Apr. 6, 2004 KINGSTON, R.I -- March 17, 2004 -- The comb, that simple device millions of people pass through their hair every day, could become the latest tool in the battle against terrorism.
That’s because a group of University of Rhode Island researchers has found that chemicals used to make bombs remain in the hair of explosives handlers long after repeated washings.
The lead researcher, Professor of Chemistry Jimmie Oxley, one of the co-directors of URI's Forensic Science Partnership, has also found that when the research team members attached ordinary gauze to combs, they had effective collection devices.
"We are very excited about what we found, because I didn’t know what to expect to find in terms of persistence," Oxley said.
"We’re at the very early stages of developing a practical field technique to link the perpetrator to a crime," the chemist said. "(Oklahoma City bomber Timothy) McVeigh had (the explosive) PETN on his shirt. If someone like him changes his shirt, we could still test his hair."
The team's early findings are the result of a two-year, $320,000 grant awarded by the National Memorial Institute for the Prevention of Terrorism. Located in Oklahoma City. The institute was incorporated Sept. 23, 1999, and grew out of the desire of the survivors and families to have a living memorial of the Murrah Federal Building bombing of April 19, 1995.
Oxley, who titled the study "A New Source of Evidence: Explosive Traces in Hair," said she pursued the research because hair readily absorbs odors, such as those from cigarette smoke, it is being used for evidence of drug use and because it is washed less frequently than hands and clothes.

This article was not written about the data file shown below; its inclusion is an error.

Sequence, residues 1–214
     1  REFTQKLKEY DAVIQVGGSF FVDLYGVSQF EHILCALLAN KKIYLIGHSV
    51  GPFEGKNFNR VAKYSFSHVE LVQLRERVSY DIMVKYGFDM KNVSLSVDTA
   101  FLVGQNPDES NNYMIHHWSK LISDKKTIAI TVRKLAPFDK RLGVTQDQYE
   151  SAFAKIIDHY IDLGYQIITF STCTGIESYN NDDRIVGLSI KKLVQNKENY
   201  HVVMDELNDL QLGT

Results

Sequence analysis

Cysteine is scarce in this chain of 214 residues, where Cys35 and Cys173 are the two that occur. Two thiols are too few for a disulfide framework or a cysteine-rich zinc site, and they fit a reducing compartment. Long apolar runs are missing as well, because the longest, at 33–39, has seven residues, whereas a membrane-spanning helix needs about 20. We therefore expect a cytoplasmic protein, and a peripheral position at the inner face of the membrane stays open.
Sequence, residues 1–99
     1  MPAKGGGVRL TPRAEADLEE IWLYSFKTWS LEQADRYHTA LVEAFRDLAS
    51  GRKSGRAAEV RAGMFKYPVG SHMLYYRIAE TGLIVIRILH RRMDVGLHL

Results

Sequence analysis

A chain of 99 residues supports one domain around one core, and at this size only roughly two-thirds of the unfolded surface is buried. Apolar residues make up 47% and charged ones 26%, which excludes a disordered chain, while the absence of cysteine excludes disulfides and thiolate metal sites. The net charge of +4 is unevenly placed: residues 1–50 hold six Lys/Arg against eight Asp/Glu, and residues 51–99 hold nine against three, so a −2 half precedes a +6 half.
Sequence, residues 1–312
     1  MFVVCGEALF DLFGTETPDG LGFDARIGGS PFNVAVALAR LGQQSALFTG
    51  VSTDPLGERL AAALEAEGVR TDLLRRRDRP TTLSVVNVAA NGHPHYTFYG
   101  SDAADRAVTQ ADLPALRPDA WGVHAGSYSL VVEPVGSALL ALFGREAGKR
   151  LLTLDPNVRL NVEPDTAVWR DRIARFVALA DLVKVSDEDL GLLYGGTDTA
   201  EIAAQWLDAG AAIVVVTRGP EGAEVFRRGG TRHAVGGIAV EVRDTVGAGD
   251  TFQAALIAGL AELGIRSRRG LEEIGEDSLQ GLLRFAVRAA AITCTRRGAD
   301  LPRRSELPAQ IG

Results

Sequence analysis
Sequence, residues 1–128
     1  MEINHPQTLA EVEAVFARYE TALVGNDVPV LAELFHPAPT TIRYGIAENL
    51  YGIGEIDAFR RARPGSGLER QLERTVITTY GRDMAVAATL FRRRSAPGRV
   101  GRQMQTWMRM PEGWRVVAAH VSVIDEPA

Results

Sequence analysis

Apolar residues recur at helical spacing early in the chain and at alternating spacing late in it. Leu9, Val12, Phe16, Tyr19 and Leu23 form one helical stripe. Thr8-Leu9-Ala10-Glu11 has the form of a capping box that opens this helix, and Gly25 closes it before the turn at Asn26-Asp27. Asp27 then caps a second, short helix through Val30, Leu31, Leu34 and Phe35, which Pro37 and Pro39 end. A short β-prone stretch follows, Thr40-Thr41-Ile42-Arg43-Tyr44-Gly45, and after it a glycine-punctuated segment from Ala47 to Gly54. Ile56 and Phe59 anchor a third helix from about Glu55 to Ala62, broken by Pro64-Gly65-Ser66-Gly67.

She wanted to know if all explosives are absorbed equally well, if hair color and type affect adsorption, and whether the explosive, with time and washing, remains persistent. Ultimately, she hopes to establish a protocol that can be established for law enforcement use. Adsorption is the surface assimilation of a gas, vapor or dissolve matter.
"We wanted to know if we could get the same chemicals out that we put in," said URI Chemistry Professor Louis Kirschenbuam.
The research is being conducted in two phases at both URI and in the United Kingdom, where subjects have been preparing dog-training aids. In the first phase at URI, cut hair was exposed to explosive vapors to see which ones were adsorbed. The persistence of adsorption was studied for washed and unwashed hair. In the U.K, researchers combed subjects’ hair before and after explosive handling. Then, subjects' hair was re-sampled after a time interval and shampooing. Phase 2 of the work being done at URI will study the significance of hair pigment, sex, and race, while Phase 2 in Great Britain will develop law enforcement protocols for recovery of explosive residues in hair.
Oxley's team has been examining absorption of common military explosives, such as TNT, PETN and RDX, as well TATP, the suicide bombers' explosive. RDX is the main component of C-4, while PETN is used in detonation cords, sheet explosives and plasticized explosives.
In the TNT-tainted hair exposed to air at URI for six days, only small decreases in TNT levels were detected. Hair tainted with TNT and PETN that was washed three times and rinsed still retained small levels of the explosive.
"Finding the chemicals after washing, that’s what might turn out to be important," Kirschenbaum said. "I think it’s safe to say that volatile chemicals can migrate into the hair. Once it’s on there, it's truly stuck."
In addition to Oxley and Kirschenbaum, team members are URI Chemistry Professor James Smith and chemistry graduate students Kajal Shinde and Kishore Marimganti.
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